Consenting Adultery: How To Maintain An Open Relationship

Updated April 8, 2024by Regain Editorial Team

While monogamy – in which couples commit to being married or having sexual relations with only their partner – is a long-enduring relationship structure, more people in the United States are either entering open relationships or showing curiosity to learn more about them. The idea of maintaining multiple meaningful relationships with people who serve various needs and interests can sound appealing and remove the pressure of expecting a single person to fulfill all of those areas. However, like with all relationship dynamics, open relationships can come with their own unique set of challenges. 

Above all things, it is important – before entering an open relationship – to make sure both you and your partner agree upon several terms. The clearer you can be in the beginning, the more stable you are likely to feel. If you and your partner have decided to try a new way of organizing your relationship, here are some tips that will help you to maintain an open romantic relationship successfully.

Set and adhere to clear rules in your other relationships

Here’s the truth about open relationships: feelings can be hurt, and you may get jealous at times. Even though you are in a consenting open romantic relationship, these issues are bound to happen. However, you can ease these feelings slightly and avoid conflict by communicating with your partner what you want out of this open romantic relationship.

Sit down with your significant other and come up with a list of open marriage rules for maintaining other relationships. What does your partner want out of their external relationships? What do you want out of your external relationships? What are some things that you don’t want your significant other doing, and what are some things they don’t want you doing?

More importantly, what is this open romantic relationship going to do for your relationship with your partner? These are some of the questions you need to ask yourself when you first begin an open romantic relationship.

Remember that your initial partner is your top priority

Could an open relationship enhance your current partnership?

Your open romantic relationship might become a monogamous relationship if you ignore your partner and only spend time with your other love interest. The point of an open romantic relationship is usually to improve the quality of your current relationship and give both parties more freedom and excitement in their lives. 

The end goal is not to build a new relationship that takes precedence over your current one. Make a conscious effort to keep your original relationship alive.

Create a powerful support system before starting another relationship

As was stated above, open relationships can be difficult even when both parties have consented to see people other than themselves. There may be times when you will feel angry and jealous of your partner despite your agreement.

During these times, you could benefit from a powerful support system to help relieve your mind of these negative feelings. This support system may consist of close friends, relatives, therapists, or people on an online community who are actively in open relationships. No matter whom you add to this support system, make sure that they are invested in your well-being and supportive of all of your choices.

Only start when you and your partner are both ready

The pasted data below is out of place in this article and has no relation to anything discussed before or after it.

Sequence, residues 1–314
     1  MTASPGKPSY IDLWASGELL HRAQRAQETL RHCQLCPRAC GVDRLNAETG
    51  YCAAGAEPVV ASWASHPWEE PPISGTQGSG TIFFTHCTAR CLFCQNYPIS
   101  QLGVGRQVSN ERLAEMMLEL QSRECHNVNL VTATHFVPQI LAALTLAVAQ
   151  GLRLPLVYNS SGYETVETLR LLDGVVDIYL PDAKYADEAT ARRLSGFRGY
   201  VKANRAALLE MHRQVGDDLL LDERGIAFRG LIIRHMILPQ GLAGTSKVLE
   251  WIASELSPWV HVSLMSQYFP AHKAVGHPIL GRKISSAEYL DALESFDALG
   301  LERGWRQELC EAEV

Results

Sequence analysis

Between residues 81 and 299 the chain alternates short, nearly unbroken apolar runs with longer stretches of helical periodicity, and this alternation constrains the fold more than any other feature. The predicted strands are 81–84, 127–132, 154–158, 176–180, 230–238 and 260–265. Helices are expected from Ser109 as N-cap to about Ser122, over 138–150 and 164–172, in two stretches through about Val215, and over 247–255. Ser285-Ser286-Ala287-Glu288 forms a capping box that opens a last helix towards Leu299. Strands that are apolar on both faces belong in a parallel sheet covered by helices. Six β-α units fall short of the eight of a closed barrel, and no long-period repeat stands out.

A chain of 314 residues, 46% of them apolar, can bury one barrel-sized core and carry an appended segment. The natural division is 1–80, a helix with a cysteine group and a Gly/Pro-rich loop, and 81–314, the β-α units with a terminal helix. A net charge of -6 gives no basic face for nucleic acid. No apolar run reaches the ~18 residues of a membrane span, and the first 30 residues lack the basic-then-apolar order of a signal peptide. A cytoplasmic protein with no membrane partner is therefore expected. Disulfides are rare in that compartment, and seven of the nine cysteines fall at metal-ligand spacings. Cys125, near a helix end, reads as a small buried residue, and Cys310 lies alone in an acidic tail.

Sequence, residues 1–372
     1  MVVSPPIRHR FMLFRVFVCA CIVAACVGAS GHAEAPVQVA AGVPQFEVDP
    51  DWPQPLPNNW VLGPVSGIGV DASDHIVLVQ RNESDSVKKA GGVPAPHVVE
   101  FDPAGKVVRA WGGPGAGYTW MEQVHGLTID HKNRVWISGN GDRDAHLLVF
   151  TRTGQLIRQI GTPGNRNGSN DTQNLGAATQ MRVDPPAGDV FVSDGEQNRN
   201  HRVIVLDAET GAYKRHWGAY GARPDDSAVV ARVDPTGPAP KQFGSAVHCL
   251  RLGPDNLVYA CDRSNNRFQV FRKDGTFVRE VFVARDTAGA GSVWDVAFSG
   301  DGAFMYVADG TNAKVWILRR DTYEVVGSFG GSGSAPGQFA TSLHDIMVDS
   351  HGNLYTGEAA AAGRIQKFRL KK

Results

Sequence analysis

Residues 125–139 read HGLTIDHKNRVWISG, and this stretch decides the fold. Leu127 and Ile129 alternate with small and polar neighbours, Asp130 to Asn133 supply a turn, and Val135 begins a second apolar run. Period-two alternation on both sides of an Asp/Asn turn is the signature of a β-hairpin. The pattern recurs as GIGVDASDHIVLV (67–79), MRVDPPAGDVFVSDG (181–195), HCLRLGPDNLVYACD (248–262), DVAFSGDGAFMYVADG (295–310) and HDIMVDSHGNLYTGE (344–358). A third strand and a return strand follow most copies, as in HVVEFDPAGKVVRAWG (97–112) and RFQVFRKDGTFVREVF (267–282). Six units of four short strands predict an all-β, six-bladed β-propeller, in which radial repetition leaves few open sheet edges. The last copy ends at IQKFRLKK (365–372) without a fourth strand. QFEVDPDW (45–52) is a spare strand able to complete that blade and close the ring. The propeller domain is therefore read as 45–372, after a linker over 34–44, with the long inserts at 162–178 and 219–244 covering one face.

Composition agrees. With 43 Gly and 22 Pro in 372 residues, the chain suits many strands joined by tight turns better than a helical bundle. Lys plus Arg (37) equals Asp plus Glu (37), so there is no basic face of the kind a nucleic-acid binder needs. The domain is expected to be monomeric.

Some people consider starting an open romantic relationship because they are not satisfied with their current one. Before you consider an open romantic relationship as a solution for you and your partner, see if you can fix the relationship to become satisfied. 

Give yourself some time to figure out what isn’t working in the relationship and work hard to fix it. If it is fixed, maybe your relationship needed more nurturing and not an additional partner. If you didn’t notice improvement, you can both move into the stage of considering additional partners.

Remember that making comparisons is problematic

When your partner begins seeing someone or when you begin seeing someone new, it can be easy to compare yourself with your partner’s new significant other. It can be easy to compare your partner to your new significant other, as well.

While this is completely natural, try not to let these thoughts dictate how you treat yourself and others. These comparisons can ruin your relationship with others and with yourself if you allow it to. When these thoughts come around, remind yourself of what you love about yourself and your partner to get back on track.

Be honest with the people in your other relationships

While you and your partner are both well aware that you are in an open romantic relationship, the people you are seeing may not have that same clarity. The worst thing that you can do to a person expecting you to be seeing them exclusively is to keep them in the dark about your relationship situation. 

When you first begin a new relationship outside your current one, make sure that your new partner is aware that you are still with someone else, and that they are your top priority. Not everyone will be fine with this, so don’t be discouraged if you have to spend some time searching for someone who is supportive of this time of relationship dynamic.

Consider creating a list of people who are “off-limits”

There are some people who your partner may choose to pursue that could tear apart your relationship. Some people would probably make your partner want to scrap your relationship as well. Examples include former partners, co-workers, or good friends. In many situations, you and your partner may be totally comfortable with an open relationship, provided you don’t have to be around your partner with their other love interests in contexts like work, happy hour, or friendly social engagements.

To avoid making a mistake that will end your relationship, consider making a list of all the people that your partner cannot date. Your partner can make a similar list. Once you have made this list, you should only pursue people that will be comfortable for the two of you.

Strive not to take things too seriously

Getty/Halfpoint Images